title: Whistleblowers are a terrible answer to the problems of big tech
In March of this year, a new figure was added to the contemporary pantheon of whistle-blowers: Christopher Wylie, the young data scientist who was instrumental in the creation of Cambridge Analytica’s election-influencing machine, or what he referred to as “Steve Bannon’s psychological warfare mindfuck tool”. Wylie joins a small group of people who have become famous for coming forward and redefining our understanding of what those in power – in government, in the military, in intelligence agencies, and in private companies – are up to behind the veil of national security and commercial interest.
Many – although not all – of them have been rightly lauded for their courage, but it is worth thinking about both the results of their revelations, and the way in which their veneration has shaped our ability to think critically about the challenges of a weaponised global information network.
In the wake of Edward Snowden’s revelations about the NSA, GCHQ and others in 2013, it felt at first as if some kind of Rubicon had been crossed. For years, other whistle-blowers had laid the ground, even as their efforts had proved fruitless. Mark Klein revealed in 2005 the existence of the secret rooms inside telephone exchanges recording all phone calls; subsequent testimony revealed the existence of the project behind them, Stellar Wind, amid calls for its termination. Subsequently, William Binney went on the record in 2012 to confirm the continued operation of Stellar Wind as WIRED revealed the vast data centre the NSA was building in Utah to hold its products.
But five years on from the blizzard of Snowden documents, most of the programmes he revealed have either been re-authorised under different names, or simply legitimised retroactively. It remains to be seen, in the midst of Mark Zuckerberg’s humble appearances before various parliamentary committees, whether Wylie’s contributions will break this mould.
Unfortunately, this seems unlikely. The figure of the whistle-blower seems to perform a curious act in modern discourse: providing both messiah and scapegoat, pointing towards the worst and most specific abuses, which can then be trussed up in a series of scandals before fading from public view in the inevitable torrent of further revelations. Meanwhile, the cultural lauding of the whistle-blower further entrenches one of the worst aspects of contemporary digital culture: the reliance on a privileged technological elite to provide us with not merely the means but also the narratives for our common futures.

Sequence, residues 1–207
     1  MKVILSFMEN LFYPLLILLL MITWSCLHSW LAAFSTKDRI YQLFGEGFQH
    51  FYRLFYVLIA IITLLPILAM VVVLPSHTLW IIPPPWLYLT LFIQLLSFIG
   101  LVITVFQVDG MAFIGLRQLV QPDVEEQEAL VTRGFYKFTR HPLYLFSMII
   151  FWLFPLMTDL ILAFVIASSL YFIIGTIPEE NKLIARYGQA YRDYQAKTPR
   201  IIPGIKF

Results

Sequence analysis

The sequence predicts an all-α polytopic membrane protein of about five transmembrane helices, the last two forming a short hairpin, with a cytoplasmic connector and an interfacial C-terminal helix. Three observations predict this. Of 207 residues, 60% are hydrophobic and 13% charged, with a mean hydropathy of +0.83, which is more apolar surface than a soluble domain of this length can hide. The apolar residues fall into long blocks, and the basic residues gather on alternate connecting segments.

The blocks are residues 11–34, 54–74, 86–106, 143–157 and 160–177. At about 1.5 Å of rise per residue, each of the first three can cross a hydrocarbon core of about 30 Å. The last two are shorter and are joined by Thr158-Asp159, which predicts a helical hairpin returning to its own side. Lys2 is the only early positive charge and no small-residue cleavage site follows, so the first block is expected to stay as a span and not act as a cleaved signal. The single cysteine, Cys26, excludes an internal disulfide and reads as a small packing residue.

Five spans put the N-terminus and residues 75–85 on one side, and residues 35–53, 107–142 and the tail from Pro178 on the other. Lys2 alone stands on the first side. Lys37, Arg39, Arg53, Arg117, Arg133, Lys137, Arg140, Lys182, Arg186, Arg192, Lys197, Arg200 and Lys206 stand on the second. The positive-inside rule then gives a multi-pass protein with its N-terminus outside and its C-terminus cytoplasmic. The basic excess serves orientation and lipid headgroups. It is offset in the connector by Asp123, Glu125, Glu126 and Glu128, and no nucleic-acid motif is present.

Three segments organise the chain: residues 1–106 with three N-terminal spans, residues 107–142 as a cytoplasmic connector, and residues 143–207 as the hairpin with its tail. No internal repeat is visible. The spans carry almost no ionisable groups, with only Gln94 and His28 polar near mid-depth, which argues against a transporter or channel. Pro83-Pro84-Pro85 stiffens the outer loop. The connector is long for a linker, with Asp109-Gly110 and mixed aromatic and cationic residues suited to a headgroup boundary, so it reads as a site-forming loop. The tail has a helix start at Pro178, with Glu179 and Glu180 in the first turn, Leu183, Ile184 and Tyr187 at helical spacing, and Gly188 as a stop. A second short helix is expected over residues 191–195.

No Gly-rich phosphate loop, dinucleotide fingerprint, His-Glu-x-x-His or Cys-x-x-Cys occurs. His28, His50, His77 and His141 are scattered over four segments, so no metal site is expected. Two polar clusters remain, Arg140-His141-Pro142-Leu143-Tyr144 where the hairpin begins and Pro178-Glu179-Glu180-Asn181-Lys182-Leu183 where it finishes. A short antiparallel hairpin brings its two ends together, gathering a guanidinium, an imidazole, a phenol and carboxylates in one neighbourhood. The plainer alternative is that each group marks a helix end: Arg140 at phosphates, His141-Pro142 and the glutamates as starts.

The act of whistle-blowing is emblematic of personal agency: an act of conscience performed by one whose moral sense can no longer accommodate itself with the tasks they are being asked to perform. None of this is intended to question or denigrate the character of whistle-blowers themselves. Rather, it is to question what agency, if any, remains to those of us who do not choose to go and work for vast conspiratorial fantasies in the first place. We cannot and must not leave moral decisions about our common future to the consciences of those already embedded in oppressive regimes, when those decisions affect the daily lives of all of us.
We know that global surveillance operates at a scale which we can barely grasp, that it is hoovering up every detail of our lives regardless of nationality or political inclination, and yet we continue to support the governments and institutions that enable it. We know that Facebook and Google and companies like them operate as extractive profiteers on our personal data, and that their thirst for information has led them to unsavoury partnerships with murkier commercial interests and oppressive states – and yet we seem incapable of distancing ourselves from them, or having any meaningful impact on their actual behaviour.
In the words of Paul-Olivier Dehaye, a Swiss academic who published his own research into Cambridge Analytica back in 2017, Facebook is “abusive by design”. The efforts of Facebook and Google’s teams of ethicists and security experts are laudable, but they will never trump the far greater resources provided in support of the business plan itself. Neither will the individual consciences of a few disaffected employees, however noble their aims, and however heartfelt their repentance.
The business of these companies – as well as the national security agencies they so resemble and frequently cooperate with – is building a massive surveillance machine. Like the waste emitted from nuclear power plants, the data they gather will remain toxic for a long, long time, and it will eventually and inevitably leak and spill and get into the groundwater, whether through malice or incompetence or the sure erosion of time itself.
Just as it’s impossible to provide meaningful informed consent to a system whose operations are obscure, whose reach is unlimited, and whose products will undoubtedly outlive it, it’s impossible to make meaningful decisions about our own actions on the basis of trust in those companies’ self-disclosures, or by relying on the actions of whistle-blowers. What is required is the ability to rely on our own senses and judgements, and to make decisions for ourselves based on the acknowledged and existing positions of those with power.
As the Swedish writer Sven Lindqvist has written regarding the violence of colonial and imperial histories: “You already know enough. So do I. It is not knowledge we lack. What is missing is the courage to understand what we know and to draw conclusions.” If you need a whistle-blower to tell you that something is rotten at the heart of Silicon Valley – and the wider systems it’s enmeshed with - then we need to think a lot harder about how we talk about and explain the world to one another.
James Bridle is the author of New Dark Age: Technology and the End of the Future, which is published by Verso.